Automakers are fully behind the Obama administration's new set of fuel-economy rules unveiled Tuesday. But make no mistake — these regulations will not be easy for them to meet.

Automakers are fully behind the Obama administration's new set of fuel-economy rules unveiled Tuesday. But make no mistake — these regulations will not be easy for them to meet.

The new rules call for manufacturers to reach an overall fleet average of 35.5 mpg by 2016, with passenger cars reaching 39 mpg and light trucks hitting 30 mpg under a system that develops standards for each vehicle class size. Manufacturers also would be required to hit individual mileage targets.

The regulations are expected to cut American oil use by billions of barrels, which is equivalent to removing hundreds of millions of cars from U.S. roads. But they are expected to cost car buyers an extra $1,300 per vehicle by the time the plan is complete.

They also will have a cost for automakers, who will have to pour billions more dollars into new technologies to help them meet those goals. The Transportation Department last year estimated that requiring the industry to meet a looser standard of 31.6 mpg by 2015 would cost nearly $47 billion.

Here are some questions and answers about what the automakers will need to do to achieve the new standards for emissions and fuel economy.

Q: How big a challenge will this be for the industry?

A: To get an idea for how far away the auto industry is from the new benchmarks, consider this: Only six vehicles on sale today offer fuel economy of at least 35.5 mpg, according to the auto Web site Edmunds.com. They are the Toyota Prius, the Honda Insight, the Honda Civic hybrid, the Ford Fusion hybrid, the Mercury Milan hybrid and the Smart fortwo microcar.

Q: So what are they going to do to meet these requirements?

A: For starters, manufacturer's have vehicles in the pipeline that will help them clear the new hurdles, and they will likely be announcing more.

Ford is bringing fuel-efficient small cars like the Fiesta to North America in the coming years and is planning on putting fully electric cars in showrooms by 2011. General Motors Corp. still plans to debut its Chevrolet Volt plug-in electric car next year — provided it isn't derailed by bankruptcy.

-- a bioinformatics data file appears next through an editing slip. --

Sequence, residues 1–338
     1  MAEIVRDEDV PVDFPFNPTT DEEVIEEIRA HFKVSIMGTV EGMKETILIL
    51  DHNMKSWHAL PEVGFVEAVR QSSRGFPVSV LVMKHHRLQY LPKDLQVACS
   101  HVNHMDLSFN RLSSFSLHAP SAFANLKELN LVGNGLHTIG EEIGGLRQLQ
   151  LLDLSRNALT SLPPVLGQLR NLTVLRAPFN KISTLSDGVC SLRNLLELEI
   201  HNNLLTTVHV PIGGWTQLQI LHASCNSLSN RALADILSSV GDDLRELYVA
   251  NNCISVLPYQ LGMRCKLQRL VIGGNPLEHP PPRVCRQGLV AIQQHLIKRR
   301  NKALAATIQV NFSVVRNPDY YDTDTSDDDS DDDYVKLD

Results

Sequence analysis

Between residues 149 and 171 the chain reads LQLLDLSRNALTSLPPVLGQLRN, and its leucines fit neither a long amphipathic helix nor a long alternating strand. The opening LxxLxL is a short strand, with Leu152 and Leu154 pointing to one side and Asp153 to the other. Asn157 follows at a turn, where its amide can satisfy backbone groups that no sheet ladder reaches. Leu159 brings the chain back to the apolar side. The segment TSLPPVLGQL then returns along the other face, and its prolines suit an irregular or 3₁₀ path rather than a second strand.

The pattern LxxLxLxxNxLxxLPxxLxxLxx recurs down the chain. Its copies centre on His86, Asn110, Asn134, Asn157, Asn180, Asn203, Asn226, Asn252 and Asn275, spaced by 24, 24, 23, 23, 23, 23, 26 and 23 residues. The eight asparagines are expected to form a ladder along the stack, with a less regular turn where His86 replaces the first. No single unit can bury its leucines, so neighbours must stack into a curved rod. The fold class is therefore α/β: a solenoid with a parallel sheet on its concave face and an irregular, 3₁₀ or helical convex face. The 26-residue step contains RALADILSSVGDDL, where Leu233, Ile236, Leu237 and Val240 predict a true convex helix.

Chrysler LLC also has plans to introduce its own electric cars and small cars from Italian automaker Fiat Group SpA. Toyota and Honda will also be ramping up hybrid and plug-in vehicle production in the coming years.

Q: Are there other technologies that will help automakers meet the new regulations?

A: Besides more conventional hybrids and extended-range plug-ins like the Volt, expect to see so-called clean diesel cars like the Volkswagen Jetta TDI.

Extended-range plug-ins rely on a rechargeable battery for short distances, then a combination of gas and electric power for longer trips. Clean diesels use technology that filters out particulate matter and offers better fuel economy.

Automakers are also planning to introduce more exclusively electric vehicles. Meanwhile, companies like GM and Honda have long been experimenting with hydrogen fuel-cell vehicles, though they remain a long way off.

"There's all kinds of technologies that can be brought" to market, said Aaron Bragman, an auto analyst with the consulting firm IHS-Global Insight.

Q: When assessing a manufacturer's fuel economy rating, how will miles per gallon be calculated for vehicles like plug-in hybrids, which can be driven without using a drop of fuel as long as they don't travel too far at a time?

A: That isn't yet known. The EPA has said it is working on how to measure the fuel economy for these sorts of vehicles, and for pure electric cars and vehicles with other exotic powertrains.

Q: Could there be some unintended side effects of the new policy, in terms of what the manufacturers produce and sell?

A: U.S. automakers have long been criticized for relying too much on trucks and sport utility vehicles. And Jeremy Anwyl, chief executive of Edmunds.com, said the new rules might not change that because the fuel-economy standard for light trucks remains lower than the one for cars.

"In the United States, trucks have been sort of given a free pass on the (fuel-economy) standard," Anwyl said. "What's been happening is the automakers are building more and more vehicles and labeling them as light trucks."

As for cars, one easy way to boost fuel economy is to make them smaller. But that could raise questions about vehicle safety, Anwyl said.